Share your opinion!
Send us feedback by e-mail to
News. Careers. Ideas.
mish” about consuming genetically modified
organisms. There is a real scientific debate about
the safety of consuming GMOs: a number of
recent studies indicate that GM animal feed may
contribute to health problems in livestock.
As noted in the article, there have also been
concerns about GM salmon escaping into the
ocean and affecting wild fish stocks. In early
studies, at least, it was found that the large GM
salmon were more likely to mate but were also
less fertile than wild salmon – something that
could affect wild salmon stocks should the GM
salmon escape into the ocean. While using only
sterile female salmon in landlocked tanks may
give some assurance that this will not happen,
mistakes can happen (as the example of GM pigs
entering the food chain mentioned in the article
There are very real concerns, too, about the
current regulatory framework and the safety testing of GM foods (which is based on a very reduc-tionist approach to genetics). I would have hoped
that, in a publication for universities, these very
real concerns would be presented. While argu-ably this was beyond the scope of the article, the
tone of this piece seems to reduce any opposition
to GM animals or other GM foods to questions
of perception and politics, when in fact very significant safety and environmental concerns
raised by scientific studies remain outstanding.
Mr. Hathaway is a PhD candidate in adult education, and the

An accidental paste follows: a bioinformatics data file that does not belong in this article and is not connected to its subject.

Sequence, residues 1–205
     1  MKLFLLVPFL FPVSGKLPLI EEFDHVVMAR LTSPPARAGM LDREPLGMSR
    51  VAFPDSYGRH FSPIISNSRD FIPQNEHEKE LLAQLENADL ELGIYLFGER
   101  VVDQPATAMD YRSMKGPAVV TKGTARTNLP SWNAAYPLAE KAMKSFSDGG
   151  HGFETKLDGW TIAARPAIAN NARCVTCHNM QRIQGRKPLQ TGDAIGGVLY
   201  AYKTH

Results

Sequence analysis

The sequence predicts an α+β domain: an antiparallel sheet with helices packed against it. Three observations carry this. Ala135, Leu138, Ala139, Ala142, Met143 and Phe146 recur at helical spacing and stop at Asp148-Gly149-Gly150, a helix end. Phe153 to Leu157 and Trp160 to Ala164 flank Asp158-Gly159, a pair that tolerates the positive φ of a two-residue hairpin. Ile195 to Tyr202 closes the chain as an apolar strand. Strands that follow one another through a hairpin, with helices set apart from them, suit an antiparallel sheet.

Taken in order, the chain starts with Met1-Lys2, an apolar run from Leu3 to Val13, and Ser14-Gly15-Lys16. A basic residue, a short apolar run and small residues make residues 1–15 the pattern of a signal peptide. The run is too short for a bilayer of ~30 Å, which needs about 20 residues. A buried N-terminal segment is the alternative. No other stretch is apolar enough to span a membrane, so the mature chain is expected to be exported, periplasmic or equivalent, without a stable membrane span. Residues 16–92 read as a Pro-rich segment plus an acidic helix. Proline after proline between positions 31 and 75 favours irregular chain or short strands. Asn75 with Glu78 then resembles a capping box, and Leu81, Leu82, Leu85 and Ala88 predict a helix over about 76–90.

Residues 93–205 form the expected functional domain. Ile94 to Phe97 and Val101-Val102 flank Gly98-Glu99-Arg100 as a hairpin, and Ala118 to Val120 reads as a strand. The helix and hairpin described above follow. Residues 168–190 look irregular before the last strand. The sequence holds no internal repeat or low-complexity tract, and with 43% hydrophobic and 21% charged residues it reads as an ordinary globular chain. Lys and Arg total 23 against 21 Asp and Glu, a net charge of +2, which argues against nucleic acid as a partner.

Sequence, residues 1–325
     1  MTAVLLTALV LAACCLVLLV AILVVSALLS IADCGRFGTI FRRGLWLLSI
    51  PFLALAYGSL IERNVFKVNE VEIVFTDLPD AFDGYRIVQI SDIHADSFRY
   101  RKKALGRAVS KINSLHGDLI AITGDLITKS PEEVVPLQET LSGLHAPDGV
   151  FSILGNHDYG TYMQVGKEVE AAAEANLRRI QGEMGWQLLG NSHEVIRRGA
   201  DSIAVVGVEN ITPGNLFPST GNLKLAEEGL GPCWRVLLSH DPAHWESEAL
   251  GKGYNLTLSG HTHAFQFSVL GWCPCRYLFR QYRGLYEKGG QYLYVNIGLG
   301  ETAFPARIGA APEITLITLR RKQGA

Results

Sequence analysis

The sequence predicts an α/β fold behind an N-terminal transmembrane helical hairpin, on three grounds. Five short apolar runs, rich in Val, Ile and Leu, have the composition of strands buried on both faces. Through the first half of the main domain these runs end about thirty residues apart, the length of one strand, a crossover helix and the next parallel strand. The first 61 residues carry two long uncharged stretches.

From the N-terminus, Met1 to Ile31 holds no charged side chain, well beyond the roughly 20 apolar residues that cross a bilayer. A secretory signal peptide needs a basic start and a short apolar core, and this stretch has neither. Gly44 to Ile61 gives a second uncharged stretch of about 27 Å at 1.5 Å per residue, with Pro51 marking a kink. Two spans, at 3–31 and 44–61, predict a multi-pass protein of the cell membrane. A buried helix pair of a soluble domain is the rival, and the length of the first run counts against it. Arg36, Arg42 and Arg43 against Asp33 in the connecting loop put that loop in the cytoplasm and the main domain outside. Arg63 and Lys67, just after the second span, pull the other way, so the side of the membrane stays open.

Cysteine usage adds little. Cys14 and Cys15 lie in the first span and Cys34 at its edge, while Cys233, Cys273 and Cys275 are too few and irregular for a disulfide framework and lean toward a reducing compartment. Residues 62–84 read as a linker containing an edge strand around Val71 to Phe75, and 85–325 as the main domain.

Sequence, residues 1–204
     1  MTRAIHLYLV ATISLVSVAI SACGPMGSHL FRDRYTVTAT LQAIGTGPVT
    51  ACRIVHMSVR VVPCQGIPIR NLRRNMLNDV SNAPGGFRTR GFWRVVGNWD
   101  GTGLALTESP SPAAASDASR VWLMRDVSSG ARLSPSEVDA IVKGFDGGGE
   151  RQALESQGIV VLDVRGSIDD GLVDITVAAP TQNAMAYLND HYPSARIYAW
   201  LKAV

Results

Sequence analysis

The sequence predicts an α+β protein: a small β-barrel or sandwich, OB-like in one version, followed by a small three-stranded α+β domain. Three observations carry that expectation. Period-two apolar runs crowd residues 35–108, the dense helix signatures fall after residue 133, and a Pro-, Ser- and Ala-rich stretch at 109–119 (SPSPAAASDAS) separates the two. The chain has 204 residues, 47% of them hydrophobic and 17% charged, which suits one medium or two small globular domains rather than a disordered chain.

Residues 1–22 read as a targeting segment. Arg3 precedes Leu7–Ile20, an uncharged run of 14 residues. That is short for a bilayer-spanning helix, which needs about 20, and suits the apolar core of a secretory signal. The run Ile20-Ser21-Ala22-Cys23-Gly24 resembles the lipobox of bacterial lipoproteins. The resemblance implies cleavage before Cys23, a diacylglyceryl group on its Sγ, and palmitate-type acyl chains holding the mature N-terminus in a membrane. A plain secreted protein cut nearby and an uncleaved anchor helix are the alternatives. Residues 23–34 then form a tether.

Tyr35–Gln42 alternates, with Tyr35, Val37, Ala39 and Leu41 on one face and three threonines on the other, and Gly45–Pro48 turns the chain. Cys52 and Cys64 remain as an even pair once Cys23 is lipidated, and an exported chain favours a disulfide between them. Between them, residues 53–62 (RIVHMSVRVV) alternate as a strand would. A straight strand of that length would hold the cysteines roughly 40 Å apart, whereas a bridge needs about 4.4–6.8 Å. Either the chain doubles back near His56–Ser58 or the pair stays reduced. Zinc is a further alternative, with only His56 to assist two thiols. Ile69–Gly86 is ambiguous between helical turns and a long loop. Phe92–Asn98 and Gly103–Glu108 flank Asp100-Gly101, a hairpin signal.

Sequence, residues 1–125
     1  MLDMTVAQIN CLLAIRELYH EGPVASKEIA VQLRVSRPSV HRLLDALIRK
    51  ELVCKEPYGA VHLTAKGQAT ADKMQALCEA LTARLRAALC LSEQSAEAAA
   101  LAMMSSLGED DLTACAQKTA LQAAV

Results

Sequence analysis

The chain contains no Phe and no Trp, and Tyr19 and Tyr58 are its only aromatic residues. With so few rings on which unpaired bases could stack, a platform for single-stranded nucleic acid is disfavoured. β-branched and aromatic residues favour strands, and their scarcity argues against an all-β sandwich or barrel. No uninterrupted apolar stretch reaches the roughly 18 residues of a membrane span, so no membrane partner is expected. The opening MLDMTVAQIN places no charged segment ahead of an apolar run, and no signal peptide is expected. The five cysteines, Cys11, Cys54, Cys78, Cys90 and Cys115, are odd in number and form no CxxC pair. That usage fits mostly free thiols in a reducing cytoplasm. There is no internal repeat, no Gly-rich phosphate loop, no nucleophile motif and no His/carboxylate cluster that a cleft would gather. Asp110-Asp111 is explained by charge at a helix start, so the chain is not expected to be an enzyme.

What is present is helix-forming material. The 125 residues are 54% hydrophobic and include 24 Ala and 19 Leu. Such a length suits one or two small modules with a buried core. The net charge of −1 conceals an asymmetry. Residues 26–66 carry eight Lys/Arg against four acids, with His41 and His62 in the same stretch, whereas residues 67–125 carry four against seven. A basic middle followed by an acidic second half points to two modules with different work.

collaborative environmental studies program, at the University
à propos de l’article, « Un procès impliquant
l’industrie du tabac met en lumière le rôle
controversé de certains historiens » (Affaires universitaires, novembre 2013), c’est un excellent
reportage, très documenté, très bien synthétisé,
rédigé d’une plume alerte. Néanmoins, serait-il
possible, pour ne pas chagriner mon vieux papa
de 82 ans, de corriger et d’écrire mon nom cor-rectement C'est Croteau, et non Croteaux.
M. Croteau rédige un blogue sur les procès du tabac mentionné
ci-haut pour le compte de l’Association pour la santé publique
Flipping big classes isn’t easy
the flipped classroom has potential (“How to
flip your classroom,” October 2013). However,
I’m not sure it will work with a large class. As
we all know, some classes exceed 300 students.
I’ve heard that Western University’s first-year
psychology class comes close to 2,000. How does
collaborative work happen in this environment
unless there is a system to oversee this work and
I’ve seen it work very well with smaller classes
of 20 to 30 students. I am trying the concept to
some extent this year with my high school classes
and it works, at least with the older students.
Large classes would require a fundamental
shift in structure. First, teaching assistants need
to be more involved. Typically, TAs receive little
Pourquoi les étudiants au
Why university “differentiation”
is a tough sell.
How to delegate
Avoid burnout by giving
some tasks to others.
In their own words
Three women scientists
talk about their career paths.
What’s new online! Nouveautés en ligne!
instruction in pedagogy. They would require
training in teaching and assessment to run useful tutorials. Furthermore, the three-hour lecture
should be abandoned and tutorial meetings with
TAs lengthened to facilitate collaborative student work. Professors of large classes would
become course coordinators and visit tutorials
to ensure quality of instruction and material.
Student class hours per week would increase,
but not more than what is expected of most science and engineering students.
Given the proliferation of online courses
(and complete degrees), I think the traditional
class of several hundred students with a talking
head at the front is going to slowly phase out.
The flipped classroom has the potential to reinvigorate how humanities and social science
classes are taught. However, it requires institutional innovation to make it happen.
Dr. Calverley is head of history at Crescent School, an independent boys’ school in Toronto.